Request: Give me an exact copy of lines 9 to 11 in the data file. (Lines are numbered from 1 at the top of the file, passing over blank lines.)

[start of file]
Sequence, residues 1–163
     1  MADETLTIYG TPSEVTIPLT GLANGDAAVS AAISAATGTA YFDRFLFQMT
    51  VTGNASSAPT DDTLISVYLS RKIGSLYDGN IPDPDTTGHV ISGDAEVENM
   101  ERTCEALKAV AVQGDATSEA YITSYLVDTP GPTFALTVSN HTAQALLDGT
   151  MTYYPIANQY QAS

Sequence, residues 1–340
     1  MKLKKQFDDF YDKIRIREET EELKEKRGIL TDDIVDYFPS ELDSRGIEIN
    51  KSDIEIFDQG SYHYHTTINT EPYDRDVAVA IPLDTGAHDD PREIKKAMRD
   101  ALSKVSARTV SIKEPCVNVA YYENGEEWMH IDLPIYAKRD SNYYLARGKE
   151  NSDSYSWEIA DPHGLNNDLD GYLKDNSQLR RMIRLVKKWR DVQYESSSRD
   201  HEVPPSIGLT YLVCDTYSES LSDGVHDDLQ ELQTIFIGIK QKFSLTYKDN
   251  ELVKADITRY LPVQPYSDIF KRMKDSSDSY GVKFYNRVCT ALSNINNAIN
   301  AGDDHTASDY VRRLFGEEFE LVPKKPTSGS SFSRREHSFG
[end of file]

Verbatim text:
   101  ALSKVSARTV SIKEPCVNVA YYENGEEWMH IDLPIYAKRD SNYYLARGKE
   151  NSDSYSWEIA DPHGLNNDLD GYLKDNSQLR RMIRLVKKWR DVQYESSSRD
   201  HEVPPSIGLT YLVCDTYSES LSDGVHDDLQ ELQTIFIGIK QKFSLTYKDN